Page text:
West Norfolk is a walkers paradise; discover miles of shoreline and superb countryside footpaths.
The long distance walks below, together with hundreds of shorter local circular and linear walks, for a network suitable for every kind of walker in some of England’s most unspoilt countryside.
The Fen Rivers Way, a long distance path running for nearly 80kms (50 miles) between the historic settlements of Cambridge and King’s Lynn, traces the course of rivers that drain slowly across the Fens into the Wash.
The route takes you through the distinctive Fens landscape on a path rich in history and wildlife.
Taking in the internationally significant environment of the Ouse Washes, the journey follows the River Great Ouse through the dramatic open skyscapes and past the massive floodbanks that protect the low lying Fens. Taking in the historic city of Ely, and the Cam Washes, the route finishes in Cambridge.
At King’s Lynn, the Fen Rivers Way connects with the Wash Coast Path (through the Peter Scott Walk) taking walkers along the remote coast marshes into Lincolnshire, or the Nar Valley Way which leads you into the heart of Norfolk.
The Nar Valley Way is a 34 miles long walk, running from the historic port of King’s Lynn to the Museum of Rural life at Gressenhall, and is contained almost entirely within the watershed of the River Nar.
The route follows Public Rights of Way, tracks and minor roads, and passes through Shouldham Warren. The Nar Valley Way also links with other long distance routes, the Wash Coast Path at King’s Lynn, and the Peddars Way at Castle Acre.
For more information about the Nar Valley Way walking trail, visit the official website.
The Norfolk Coast Path stretches from Hunstanton in the west to Cromer in the east and runs through Norfolk’s heritage coast within the Area of Outstanding Natural Beauty (AONB).
The path takes you from views of the Wash and the Lincolnshire Coastline at Hunstanton, and past many internationally recognised wildlife reserves.
Just past Hunstanton the path is joined by the Peddars Way extending south into Suffolk following a Roman Road dating back to AD61.
There are a variety of circular walks based from the trail, ideal for an afternoon’s ramble. The path is well serviced by public transport, with the Coastliner bus service running from Hunstanton to Cromer.
View the National Trail – Norfolk Coast Path website where you can find additional accessibility information for the trail.
The Peddars Way runs from Knettishall Heath in Suffolk to Holme next the Sea on the Norfolk Coast.
On its route it passes through some of the most diverse countryside in Britain, from the atmospheric landscapes of the Brecks to the rolling farmland of north-west Norfolk to the coastal dunes at Holme, where it meets up with the Norfolk Coast Path.
The Peddars Way & Norfolk Coast Path is of great appeal to walkers of both shorter walks and longer, more challenging treks. Many walkers use the trail for short portions of the walk, lasting four hours or less. For the more keen walker, multi-day trips are possible – with accommodation nearby for overnight stays.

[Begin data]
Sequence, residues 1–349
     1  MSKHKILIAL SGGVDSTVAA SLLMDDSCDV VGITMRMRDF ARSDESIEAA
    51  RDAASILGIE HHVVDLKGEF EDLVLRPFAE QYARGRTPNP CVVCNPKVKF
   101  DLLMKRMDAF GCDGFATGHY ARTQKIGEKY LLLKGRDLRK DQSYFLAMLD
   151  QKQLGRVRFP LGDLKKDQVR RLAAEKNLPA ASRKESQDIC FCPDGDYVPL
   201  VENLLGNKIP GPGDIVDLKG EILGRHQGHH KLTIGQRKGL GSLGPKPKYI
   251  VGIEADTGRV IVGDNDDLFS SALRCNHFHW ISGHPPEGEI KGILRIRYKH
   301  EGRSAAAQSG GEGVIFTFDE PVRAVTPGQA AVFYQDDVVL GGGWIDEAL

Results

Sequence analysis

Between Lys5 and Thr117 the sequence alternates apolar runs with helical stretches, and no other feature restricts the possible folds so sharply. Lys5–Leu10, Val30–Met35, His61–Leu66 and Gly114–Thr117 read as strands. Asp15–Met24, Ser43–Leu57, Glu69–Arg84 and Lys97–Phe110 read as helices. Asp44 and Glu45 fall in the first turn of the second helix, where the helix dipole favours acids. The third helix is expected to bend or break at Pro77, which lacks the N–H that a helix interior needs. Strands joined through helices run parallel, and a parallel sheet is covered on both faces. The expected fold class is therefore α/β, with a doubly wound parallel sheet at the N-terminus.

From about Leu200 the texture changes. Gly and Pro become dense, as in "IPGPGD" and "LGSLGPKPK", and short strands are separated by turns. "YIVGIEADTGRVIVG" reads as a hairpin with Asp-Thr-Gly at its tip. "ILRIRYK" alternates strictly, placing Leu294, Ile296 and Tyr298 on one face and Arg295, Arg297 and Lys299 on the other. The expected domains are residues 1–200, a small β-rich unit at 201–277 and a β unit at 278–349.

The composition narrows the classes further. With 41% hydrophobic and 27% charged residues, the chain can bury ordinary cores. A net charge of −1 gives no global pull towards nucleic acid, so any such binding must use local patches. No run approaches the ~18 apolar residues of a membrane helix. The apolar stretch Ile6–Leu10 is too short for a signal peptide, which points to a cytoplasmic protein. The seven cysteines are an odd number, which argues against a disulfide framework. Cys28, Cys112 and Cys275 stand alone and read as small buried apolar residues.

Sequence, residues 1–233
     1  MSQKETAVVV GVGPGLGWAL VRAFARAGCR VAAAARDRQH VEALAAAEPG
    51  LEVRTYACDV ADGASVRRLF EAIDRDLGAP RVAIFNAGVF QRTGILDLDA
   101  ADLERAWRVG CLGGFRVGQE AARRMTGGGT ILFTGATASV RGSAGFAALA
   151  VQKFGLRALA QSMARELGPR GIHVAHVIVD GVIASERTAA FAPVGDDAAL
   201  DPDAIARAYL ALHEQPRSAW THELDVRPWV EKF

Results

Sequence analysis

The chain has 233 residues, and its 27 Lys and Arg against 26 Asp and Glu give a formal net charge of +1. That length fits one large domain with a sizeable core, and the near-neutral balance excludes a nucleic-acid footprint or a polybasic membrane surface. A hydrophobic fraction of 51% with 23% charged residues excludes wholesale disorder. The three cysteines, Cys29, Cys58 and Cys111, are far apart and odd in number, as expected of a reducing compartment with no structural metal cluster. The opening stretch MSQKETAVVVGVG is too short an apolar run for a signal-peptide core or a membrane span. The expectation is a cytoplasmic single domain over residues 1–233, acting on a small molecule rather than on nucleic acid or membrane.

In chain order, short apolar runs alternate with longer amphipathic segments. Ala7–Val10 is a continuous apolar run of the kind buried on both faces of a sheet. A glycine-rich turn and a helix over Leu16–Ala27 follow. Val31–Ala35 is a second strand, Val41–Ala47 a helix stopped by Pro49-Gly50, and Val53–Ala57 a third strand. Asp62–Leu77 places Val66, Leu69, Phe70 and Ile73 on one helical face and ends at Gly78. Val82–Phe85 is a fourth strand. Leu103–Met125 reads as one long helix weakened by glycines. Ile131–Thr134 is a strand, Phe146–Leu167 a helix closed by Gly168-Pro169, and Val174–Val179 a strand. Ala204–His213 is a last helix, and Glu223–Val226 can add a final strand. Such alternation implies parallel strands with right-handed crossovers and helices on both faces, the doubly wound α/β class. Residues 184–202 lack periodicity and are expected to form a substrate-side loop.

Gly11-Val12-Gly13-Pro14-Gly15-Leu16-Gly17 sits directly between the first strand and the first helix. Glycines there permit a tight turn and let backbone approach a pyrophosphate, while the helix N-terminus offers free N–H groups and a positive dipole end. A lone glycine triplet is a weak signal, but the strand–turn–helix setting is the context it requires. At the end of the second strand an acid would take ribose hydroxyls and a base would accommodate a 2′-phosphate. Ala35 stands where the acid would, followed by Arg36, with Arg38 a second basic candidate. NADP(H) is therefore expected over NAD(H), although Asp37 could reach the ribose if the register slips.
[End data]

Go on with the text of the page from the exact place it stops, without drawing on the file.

Sir Peter Scott, a British ornithologist, naturalist and renowned painter, lived at the lighthouse on the East bank of the River Nene for many years.
The Peter Scott Walk follows the old sea bank along the Wash from King’s Lynn, to the Peter Scott lighthouse at Sutton Bridge in Lincolnshire. The walk stretches from the mouth of the River Nene to the ferry crossing at King’s Lynn.
It follows the sea wall along the coast, and has fantastic views of the Wash and north Fens, with their wide open landscapes.
There is a car park at both ends of the trail. To pick up the start of the walk, you can take the passenger ferry from King’s Lynn town centre, Ferry Lane off historic King’s Street, which then takes you to the west bank of the River Great Ouse. The length of the walk is around 13.5 miles to the lighthouse.
For more detailed information about the walk, please contact King’s Lynn Tourist Information Centre, or for an independent and humorous account of the Sir Peter Scott trail visit Snow Goose Wildlife Trust website (from the owners of the Sir Peter Scott Lighthouse).
There are various country parks and protected woodland nature walks to explore such as Shouldham Warren and Dersingham Bog, where you will also find Wolferton Cliffs.
Norfolk Wildlife Trust also provides details of walks in nature reserves such as Roydon Common, East Winch Common, Grimston Warren, Ringstead Downs, Narborough Railway Line, Holme Dunes NNR, as well as privately-managed walks such as the Sandringham Woodland Walks.
There are also several circular walks in west Norfolk, about 4-6 miles long, which are often clearly waymarked and well-maintained. These short walks include locations such as Terrington St. Clements, Clenchwarton, Wimbotsham, Castle Acre, Harpley, Ringstead, Brancaster, and the Burnhams. More information about these walks (and accessibility information) can be found on the Norfolk Trails website.
Leaflets are available on walks and other items including, Maps and Guide Books. Alternatively contact the Tourist Information Centres.
Please remember to follow the Countryside Code when walking in the countryside. For local maps and guides contact, King’s Lynn Tourist Information Centre or visit the regional Norfolk Trails website for more information.
West Norfolk has a selection of trails that provide people with limited mobility the opportunity to explore our wonderful landscapes and wildlife. Many routes are suitable for shortening and extending. The Norfolk Trails website section on access tested trails is the primary local source for accessible trails and you can find more ideas on the Norfolk Coast Partnership website section dedicated to accessible walks for all.